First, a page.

For the University of Alabama at Birmingham Blazing Blazers SIM Wars team, a few early curveballs only seemed to enhance the feel of an emergency department simulation.
At first, the team didn’t think they’d even be in the competition at Emergency Nursing 2022. They had been placed on a standby list and told to check in when they arrived in Denver.
When another team dropped out, UAB was in. They had about an hour to prepare.
After the first round, UAB thought they hadn’t advanced — the congratulatory email was stopped by a filter. Someone finally tracked down the team on Oct. 2.
UAB was in the finals. And it started soon.
Their team consisted of emergency nurse Mary McAllister, quality improvement coordinator Ashley Stallings, and nursing professional development specialists Tamicka Jones and Sarah Shipley.
“It shows how, if you have a great team, no matter the situation, you can overcome a lot of obstacles,” Jones said.
But the victory wasn’t immediately obvious to the team.
They walked out of the finals thinking, “Man, we lost. That was terrible,” Shipley recalled.
Little did they know then that their unflappable teamwork had led to a championship.
In each round, teams faced 15-minute scenarios created by iSimulate from real ED situations. In round one, an intubated patient who had been transferred to the ED began to decompensate rapidly.
Jones, Stallings and McAllister would throw out possible causes, and Shipley quietly evaluated each idea, measuring it against what they knew, then relaying instructions to her teammates.
Members of the UAB team have known each other for six years, but they don’t work together day-to-day and only McAllister works bedside daily. But they fell together naturally, reading each other well and taking course changes in stride.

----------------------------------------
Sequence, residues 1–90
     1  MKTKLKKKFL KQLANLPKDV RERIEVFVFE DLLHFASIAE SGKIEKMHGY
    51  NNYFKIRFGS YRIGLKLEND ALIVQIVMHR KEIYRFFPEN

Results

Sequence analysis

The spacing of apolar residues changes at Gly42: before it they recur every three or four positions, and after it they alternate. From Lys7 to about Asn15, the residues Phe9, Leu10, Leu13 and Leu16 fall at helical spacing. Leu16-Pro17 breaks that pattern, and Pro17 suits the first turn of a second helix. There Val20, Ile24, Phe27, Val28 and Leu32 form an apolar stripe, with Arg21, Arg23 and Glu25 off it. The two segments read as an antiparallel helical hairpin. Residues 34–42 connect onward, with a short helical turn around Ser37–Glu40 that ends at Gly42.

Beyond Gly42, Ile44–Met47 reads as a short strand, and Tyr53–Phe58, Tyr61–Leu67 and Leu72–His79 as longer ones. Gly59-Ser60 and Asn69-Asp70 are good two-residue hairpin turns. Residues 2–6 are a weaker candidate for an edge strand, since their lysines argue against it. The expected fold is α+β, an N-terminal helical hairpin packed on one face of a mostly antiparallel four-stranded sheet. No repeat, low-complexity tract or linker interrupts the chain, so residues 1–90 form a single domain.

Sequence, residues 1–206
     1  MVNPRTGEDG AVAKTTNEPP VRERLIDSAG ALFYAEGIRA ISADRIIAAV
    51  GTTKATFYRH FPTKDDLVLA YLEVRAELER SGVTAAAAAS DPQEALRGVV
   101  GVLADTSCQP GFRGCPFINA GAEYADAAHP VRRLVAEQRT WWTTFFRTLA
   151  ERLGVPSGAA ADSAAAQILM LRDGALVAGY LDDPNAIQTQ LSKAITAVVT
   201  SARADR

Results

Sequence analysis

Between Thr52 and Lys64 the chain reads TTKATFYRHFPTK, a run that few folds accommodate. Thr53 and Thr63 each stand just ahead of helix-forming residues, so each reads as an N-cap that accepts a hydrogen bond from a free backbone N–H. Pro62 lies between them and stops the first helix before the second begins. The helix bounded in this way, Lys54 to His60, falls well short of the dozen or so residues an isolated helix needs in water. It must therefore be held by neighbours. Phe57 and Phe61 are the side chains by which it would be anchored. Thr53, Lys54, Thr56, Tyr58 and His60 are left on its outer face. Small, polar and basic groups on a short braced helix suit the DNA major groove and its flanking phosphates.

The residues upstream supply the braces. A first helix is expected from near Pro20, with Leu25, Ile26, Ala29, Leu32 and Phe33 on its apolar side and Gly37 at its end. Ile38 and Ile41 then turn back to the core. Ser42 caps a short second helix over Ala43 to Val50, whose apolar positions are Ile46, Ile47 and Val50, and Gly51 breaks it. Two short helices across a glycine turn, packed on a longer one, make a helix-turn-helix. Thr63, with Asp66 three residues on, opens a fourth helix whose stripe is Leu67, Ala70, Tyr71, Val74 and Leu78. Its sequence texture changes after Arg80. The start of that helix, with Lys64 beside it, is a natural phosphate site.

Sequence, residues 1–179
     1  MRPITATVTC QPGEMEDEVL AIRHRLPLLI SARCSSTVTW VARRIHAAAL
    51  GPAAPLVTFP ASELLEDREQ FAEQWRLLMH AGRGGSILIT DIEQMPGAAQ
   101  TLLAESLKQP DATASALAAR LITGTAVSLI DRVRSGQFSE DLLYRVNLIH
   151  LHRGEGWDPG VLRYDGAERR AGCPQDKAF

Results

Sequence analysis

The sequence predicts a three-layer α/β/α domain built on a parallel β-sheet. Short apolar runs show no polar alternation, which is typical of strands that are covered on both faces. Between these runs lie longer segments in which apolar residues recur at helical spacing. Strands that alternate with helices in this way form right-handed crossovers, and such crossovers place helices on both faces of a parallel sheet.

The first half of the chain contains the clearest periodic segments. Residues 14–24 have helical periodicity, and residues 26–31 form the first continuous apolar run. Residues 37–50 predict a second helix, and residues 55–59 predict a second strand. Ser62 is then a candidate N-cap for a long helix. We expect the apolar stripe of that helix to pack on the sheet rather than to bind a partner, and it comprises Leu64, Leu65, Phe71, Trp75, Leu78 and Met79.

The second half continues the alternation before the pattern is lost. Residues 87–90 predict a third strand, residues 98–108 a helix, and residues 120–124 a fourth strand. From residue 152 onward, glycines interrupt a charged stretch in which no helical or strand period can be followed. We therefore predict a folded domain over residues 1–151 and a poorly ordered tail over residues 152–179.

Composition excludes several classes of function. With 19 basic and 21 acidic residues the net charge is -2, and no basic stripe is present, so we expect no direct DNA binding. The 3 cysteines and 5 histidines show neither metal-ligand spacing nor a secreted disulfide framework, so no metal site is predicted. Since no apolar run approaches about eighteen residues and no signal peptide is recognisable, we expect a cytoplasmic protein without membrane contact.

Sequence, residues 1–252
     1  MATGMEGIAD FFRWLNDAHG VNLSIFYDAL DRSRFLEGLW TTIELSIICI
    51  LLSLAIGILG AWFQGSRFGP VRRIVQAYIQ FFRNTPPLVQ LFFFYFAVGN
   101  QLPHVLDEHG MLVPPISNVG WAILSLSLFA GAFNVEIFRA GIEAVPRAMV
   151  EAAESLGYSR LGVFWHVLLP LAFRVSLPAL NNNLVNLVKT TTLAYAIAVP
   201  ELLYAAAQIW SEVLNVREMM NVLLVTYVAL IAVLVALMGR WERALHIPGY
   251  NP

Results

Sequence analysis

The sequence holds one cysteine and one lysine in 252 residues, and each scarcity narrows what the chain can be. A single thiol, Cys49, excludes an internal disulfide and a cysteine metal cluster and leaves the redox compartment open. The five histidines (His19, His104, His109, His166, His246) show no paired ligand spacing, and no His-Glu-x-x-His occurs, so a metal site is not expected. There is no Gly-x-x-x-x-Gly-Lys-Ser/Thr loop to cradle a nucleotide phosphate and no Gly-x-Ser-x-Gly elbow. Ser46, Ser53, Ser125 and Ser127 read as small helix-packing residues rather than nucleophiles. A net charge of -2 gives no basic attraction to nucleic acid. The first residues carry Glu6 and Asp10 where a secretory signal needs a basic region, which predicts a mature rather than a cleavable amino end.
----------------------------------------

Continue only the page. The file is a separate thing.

In the finals, UAB was surprised to find they were treating a human actor, not a manikin. He was traveling to high-altitude Denver and experiencing discomfort. Then a monitor started dinging.
Jones began asking the patient questions, gathering info. He flinched the first time McAllister tried to start an IV line, so she counted down on the second try to keep him calm. The UAB team kept listening to him and each other, circling around the issues.
At the last minute, the team figured out those dings: The patient had a left ventricular assist device. As they started to work on that, time was called.
Shipley was silent when the team headed for the seats. McAllister was sad. Jones was upbeat, telling everyone they did a great job.
Turns out, Jones was right.
They earned a plaque for their hospital, and their name will be engraved on a trophy displayed at ENA Headquarters.
If UAB left feeling defeated, how had they won? Judges observed UAB had worked seamlessly together to put their patient in a position to survive a dangerous incident. Chris Kroboth, iSimulate clinical education manager, said judges are not looking to trick teams with granular details. They want to see communication, team management, attentiveness to the patient and avoiding big mistakes. In those areas, the UAB team was a blazing success.
“They had a lot of passion and drive and quality,” Kroboth said. “It definitely showed through.”